Is their a specific size of heat shrink that has to be used?

Jesus,
It depends on the size of the terminal you are trying to insulate. It will likely be somewhere between 1/2" and 1".

If you look at the specs for heat shrink, it’ll specify an inside diameter both before and after shrinking. You’ll want to get some that is big enough to fit over everything, including the nut and bolt, but that will shrink down to a snug fit without splitting. I’ve seen students use the wrong heat shrink a few times… it looks good, then they put the heat gun on it, and it splits because it tries to shrink too small for the wire it’s around!

Thank you Mr. Al Skierkiewicz for the advice and suggestion

Thanks again Chief Delphi Community for the advice and input, it greatly appreciated, as i have so much to learn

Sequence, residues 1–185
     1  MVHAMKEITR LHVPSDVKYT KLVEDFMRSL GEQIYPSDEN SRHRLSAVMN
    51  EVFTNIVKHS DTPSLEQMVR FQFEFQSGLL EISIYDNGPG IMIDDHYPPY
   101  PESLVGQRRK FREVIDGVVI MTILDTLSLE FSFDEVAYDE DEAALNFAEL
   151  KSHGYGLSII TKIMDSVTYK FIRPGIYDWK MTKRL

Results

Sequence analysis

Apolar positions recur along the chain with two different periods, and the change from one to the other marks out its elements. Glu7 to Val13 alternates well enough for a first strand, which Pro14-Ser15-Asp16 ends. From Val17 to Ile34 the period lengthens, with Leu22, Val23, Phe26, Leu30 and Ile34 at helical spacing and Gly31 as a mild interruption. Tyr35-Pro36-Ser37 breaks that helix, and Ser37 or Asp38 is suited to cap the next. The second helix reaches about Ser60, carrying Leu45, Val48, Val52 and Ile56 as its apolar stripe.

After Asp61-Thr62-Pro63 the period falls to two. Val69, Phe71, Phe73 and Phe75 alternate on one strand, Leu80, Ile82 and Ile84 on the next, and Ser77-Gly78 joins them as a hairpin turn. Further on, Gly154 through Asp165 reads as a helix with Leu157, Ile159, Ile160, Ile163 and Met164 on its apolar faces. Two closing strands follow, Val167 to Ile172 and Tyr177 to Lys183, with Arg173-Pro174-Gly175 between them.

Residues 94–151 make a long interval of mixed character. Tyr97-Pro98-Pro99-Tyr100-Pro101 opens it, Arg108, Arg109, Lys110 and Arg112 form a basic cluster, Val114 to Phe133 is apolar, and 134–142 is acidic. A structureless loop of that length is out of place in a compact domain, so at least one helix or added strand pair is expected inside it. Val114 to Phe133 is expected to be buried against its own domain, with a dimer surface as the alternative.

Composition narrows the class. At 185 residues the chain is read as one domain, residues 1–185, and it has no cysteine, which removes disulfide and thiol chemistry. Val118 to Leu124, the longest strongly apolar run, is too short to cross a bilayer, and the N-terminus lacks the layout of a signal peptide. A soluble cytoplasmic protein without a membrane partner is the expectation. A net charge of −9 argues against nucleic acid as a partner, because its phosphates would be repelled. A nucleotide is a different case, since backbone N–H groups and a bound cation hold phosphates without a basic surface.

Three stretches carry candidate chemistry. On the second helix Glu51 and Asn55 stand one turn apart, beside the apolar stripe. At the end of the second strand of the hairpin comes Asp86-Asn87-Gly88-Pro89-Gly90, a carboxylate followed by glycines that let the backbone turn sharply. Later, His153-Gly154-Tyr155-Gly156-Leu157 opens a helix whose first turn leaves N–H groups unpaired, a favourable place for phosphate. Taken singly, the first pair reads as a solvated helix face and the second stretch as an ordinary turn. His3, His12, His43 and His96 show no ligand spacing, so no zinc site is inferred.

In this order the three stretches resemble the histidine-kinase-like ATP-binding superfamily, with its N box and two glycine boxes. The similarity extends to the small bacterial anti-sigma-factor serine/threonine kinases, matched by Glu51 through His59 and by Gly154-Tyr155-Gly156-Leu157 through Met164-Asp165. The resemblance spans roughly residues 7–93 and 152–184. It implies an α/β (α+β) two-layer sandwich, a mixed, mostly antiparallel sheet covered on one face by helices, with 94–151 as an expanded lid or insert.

Thanks Jon Stratis, i will keep that in mind so that it won’t happen and end up ripping it

Another couple factors to consider to prevent the nototrious heatshrink split:

  1. Buy good heatshrink. The ES200 line from Tyco (http://www.strancoproducts.com/downloads/ES2000%20Data%20Sheet.pdf) has an amazing 4:1 shrink ratio and is pretty rock solid

  2. When cutting the HS from a longer length, make sure the cut is straight and contiguous. Any aberration along the cut will likely cause a tear. This commonly happens when cutting a larger diameter HS with a pair of side cutters, where you can’t cut across the width with one full cut. We typically use a pair of stout scissors or, odd as it sounds, a heavy duty paper cutter (good for getting precise lengths).